Daphne Keller is the Director of Intermediary Liability at Stanford's Center for Internet and Society. Her work focuses on platform regulation and Internet users' rights. She has published both academically and in popular press; testified and participated in legislative processes; and taught and lectured extensively. Her recent work focuses on legal protections for users’ free expression rights when state and private power intersect, particularly through platforms’ enforcement of Terms of Service or use of algorithmic ranking and recommendations. Until 2015 Daphne was Associate General Counsel for Google, where she had primary responsibility for the company’s search products. She worked on groundbreaking Intermediary Liability litigation and legislation around the world and counseled both overall product development and individual content takedown decisions.
High Res Photo of Daphne Keller
This discussion, excerpted from my Who Do You Sue article, very briefly reviews the implications of what I call “must-carry” arguments – claims that operators of major Internet platforms should be held to the same First Amendment standards as the government, and prevented from using their Terms of Service or Community Guidelines to prohibit lawful speech.
Lawmakers today are increasingly focused on their options for regulating the content we see on online platforms. I described several ambitious regulatory models for doing that in my recent paper, Who Do You Sue? State and Platform Hybrid Power Over Online Speech. This blog post excerpts that discussion, and sketches out potential legal regimes to address major platforms’ function as de facto gatekeepers of online speech and information.
The EU’s proposed Terrorist Content Regulation gives national authorities sweeping new powers over comments, videos, and other content that people share using Internet platforms. Among other things, authorities – who may be police, not courts – can require platforms of all sizes to take content down within one hour. The Regulation also requires even small platforms to build upload filters and attempt to proactively weed out prohibited material.
Submission to the European Commission.
Includes Supplemental response to “Should action taken by hosting service providers remain effective over time ("take down and stay down" principle)?”
International Data Flows: Promoting Digital Trade in the 21st Century: Before the Subcommittee on Courts, Intellectual Property, and the Internet, 114 Cong 133 (2015) (Letter from Daphne Keller, Director of Intermediary Liability, Center for Internet and Society, Stanford Law School)
Americans have long been ignoring European data protection law, but it has not been ignoring us. Last year’s so-called “right to be forgotten” case from the EU’s highest court let people remove links about themselves from Google’s search results — and regulators insist that the links must disappear from U.S. search results, too.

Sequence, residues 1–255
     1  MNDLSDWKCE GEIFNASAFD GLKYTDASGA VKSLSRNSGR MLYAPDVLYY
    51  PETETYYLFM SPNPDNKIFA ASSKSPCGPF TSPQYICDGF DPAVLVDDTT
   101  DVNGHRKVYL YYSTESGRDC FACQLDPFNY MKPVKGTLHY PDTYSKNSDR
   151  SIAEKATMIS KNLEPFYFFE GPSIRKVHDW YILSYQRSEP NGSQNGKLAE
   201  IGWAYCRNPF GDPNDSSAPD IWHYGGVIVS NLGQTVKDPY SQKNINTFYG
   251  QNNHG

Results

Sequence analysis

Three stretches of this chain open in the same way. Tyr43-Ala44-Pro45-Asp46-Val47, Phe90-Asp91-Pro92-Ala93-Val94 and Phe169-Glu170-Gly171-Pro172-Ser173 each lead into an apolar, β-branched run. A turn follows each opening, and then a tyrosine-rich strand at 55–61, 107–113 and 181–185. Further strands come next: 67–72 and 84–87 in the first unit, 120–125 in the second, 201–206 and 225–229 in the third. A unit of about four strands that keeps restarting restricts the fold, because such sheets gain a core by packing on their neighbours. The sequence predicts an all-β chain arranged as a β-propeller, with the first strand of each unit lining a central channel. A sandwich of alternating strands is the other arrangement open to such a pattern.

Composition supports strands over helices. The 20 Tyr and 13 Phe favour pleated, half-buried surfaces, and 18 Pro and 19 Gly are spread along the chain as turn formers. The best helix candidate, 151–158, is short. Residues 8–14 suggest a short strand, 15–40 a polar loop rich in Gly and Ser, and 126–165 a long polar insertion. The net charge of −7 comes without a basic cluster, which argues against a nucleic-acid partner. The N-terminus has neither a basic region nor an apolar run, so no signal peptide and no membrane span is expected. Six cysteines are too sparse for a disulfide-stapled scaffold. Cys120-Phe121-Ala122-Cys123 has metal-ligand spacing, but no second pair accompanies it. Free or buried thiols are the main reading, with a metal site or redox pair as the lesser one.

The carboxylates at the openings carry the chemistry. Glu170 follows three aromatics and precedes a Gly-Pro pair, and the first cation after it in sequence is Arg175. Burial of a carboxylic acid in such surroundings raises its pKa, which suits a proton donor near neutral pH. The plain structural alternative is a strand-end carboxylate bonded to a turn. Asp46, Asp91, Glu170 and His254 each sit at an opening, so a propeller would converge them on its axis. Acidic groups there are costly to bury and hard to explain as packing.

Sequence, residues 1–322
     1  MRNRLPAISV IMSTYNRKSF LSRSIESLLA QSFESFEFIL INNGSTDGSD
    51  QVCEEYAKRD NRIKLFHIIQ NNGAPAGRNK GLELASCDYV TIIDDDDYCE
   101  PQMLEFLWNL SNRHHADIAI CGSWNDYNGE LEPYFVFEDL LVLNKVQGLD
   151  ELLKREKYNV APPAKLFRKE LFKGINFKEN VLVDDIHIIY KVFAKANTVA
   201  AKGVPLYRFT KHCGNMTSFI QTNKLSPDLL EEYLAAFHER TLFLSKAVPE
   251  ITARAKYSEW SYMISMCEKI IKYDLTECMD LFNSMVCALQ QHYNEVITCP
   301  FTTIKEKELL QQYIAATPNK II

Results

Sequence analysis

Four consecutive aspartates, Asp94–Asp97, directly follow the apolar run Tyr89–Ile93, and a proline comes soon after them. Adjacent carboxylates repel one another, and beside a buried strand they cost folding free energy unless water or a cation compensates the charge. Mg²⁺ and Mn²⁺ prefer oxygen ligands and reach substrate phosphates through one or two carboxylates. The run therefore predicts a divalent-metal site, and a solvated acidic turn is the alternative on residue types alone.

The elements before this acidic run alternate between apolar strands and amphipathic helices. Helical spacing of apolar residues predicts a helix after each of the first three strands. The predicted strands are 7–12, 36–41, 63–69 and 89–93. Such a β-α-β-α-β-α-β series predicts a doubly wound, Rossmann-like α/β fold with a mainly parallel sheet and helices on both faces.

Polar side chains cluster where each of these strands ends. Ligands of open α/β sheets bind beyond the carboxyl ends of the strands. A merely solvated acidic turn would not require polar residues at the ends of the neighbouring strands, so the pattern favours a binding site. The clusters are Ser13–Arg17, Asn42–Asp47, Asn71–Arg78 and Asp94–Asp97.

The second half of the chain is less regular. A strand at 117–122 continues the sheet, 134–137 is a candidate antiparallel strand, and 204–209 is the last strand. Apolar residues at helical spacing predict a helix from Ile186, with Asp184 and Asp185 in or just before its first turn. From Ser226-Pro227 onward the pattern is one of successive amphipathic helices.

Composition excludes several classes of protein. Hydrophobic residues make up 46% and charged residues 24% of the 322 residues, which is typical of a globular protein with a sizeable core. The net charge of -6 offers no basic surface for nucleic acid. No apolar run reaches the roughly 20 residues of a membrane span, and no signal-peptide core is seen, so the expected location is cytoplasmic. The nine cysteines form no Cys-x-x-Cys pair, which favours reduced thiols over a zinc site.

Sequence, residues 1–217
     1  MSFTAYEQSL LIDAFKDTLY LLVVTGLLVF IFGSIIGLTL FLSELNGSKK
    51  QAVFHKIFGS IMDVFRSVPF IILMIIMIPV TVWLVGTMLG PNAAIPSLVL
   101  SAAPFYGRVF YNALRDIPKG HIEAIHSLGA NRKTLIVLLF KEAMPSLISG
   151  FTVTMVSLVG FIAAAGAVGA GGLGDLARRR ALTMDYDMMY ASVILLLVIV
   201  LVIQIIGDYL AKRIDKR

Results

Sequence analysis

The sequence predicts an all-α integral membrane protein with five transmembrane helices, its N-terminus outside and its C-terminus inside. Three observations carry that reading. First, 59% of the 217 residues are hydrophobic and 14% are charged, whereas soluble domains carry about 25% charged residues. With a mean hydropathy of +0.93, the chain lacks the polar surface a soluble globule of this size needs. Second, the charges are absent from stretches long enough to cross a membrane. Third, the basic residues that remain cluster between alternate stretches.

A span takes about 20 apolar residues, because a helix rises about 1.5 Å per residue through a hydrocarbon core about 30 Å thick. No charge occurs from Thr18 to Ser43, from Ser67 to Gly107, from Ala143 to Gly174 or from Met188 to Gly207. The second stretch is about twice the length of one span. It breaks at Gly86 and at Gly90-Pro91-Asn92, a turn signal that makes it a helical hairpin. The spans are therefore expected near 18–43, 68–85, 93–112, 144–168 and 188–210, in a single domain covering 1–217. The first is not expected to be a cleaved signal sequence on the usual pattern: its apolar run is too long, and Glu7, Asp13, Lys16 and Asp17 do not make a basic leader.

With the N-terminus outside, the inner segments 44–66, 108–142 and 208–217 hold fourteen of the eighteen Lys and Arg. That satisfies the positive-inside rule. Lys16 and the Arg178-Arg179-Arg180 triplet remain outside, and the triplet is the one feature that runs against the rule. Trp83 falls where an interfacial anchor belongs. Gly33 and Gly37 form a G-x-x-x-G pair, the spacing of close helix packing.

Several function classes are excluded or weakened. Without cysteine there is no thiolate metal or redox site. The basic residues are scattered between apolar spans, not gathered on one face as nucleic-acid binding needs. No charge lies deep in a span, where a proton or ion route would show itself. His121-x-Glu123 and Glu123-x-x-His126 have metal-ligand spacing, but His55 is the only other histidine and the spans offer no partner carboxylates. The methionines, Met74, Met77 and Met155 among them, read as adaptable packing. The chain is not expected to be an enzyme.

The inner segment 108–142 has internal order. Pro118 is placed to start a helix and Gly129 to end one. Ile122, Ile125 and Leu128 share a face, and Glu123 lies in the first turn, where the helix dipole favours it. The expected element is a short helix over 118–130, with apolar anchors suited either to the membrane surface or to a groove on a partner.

"“It’s really important to understand how much Europe is in the driver’s seat,” says Daphne Keller, director of Intermediary Liability at the Center for Internet and Society, as well as former associate general counsel at Google. “It kind of doesn’t matter what U.S. law says for a lot of things. Europe is extracting agreements by companies — they're going to enforce those agreements publicly.”"
"“When lawmakers create new rules that have never been tested by courts – like Australia's new law or the rules proposed in the UK's White Paper – and then tell platforms to enforce them, we can only expect that a broad swathe of perfectly legal speech is going to disappear,” said Daphne Keller, director of intermediary liability at the Stanford Centre for Internet and Society.
"The issue highlights the pressure on many internet platforms to attract customers by presenting a critical mass of listings to demonstrate scale, says Daphne Keller, director of intermediary liability at Stanford Law School’s Center for Internet and Society. She added that inactive or false listings don’t produce a good customer experience either. “You don’t want to have a bunch of listings in there that turn out to be dead ends,” Ms. Keller said. A Care.com spokeswoman declined to comment on Ms. Keller’s assessment."
"“Its role in enabling a certain kind of technical innovation is unambiguous,” says Daphne Keller at Stanford Law School’s Center for Internet and Society. “It made it possible for investors to get behind companies who were in the business of transmitting so much speech and information that they couldn't possibly assess it all and figure what was legal or illegal.”
Lunch: 1:00 pm
Program: 1:30 pm - 3:00 pm
Internet platforms like Facebook and Twitter play an ever-increasing role in our lives, and mediate our personal and public communications. What laws govern their choices about our speech? Come discuss the law of platforms and online free expression with CIS Intermediary Liability Director Daphne Keller.
Privacy and free speech aren't fundamentally opposed, but they do have a tendency to come into conflict — and recent developments in Europe surrounding the right to be forgotten have brought this conflict into focus. This week, we're joined by Daphne Keller of Stanford's Center For Internet And Society to discuss the collision between these two important principles.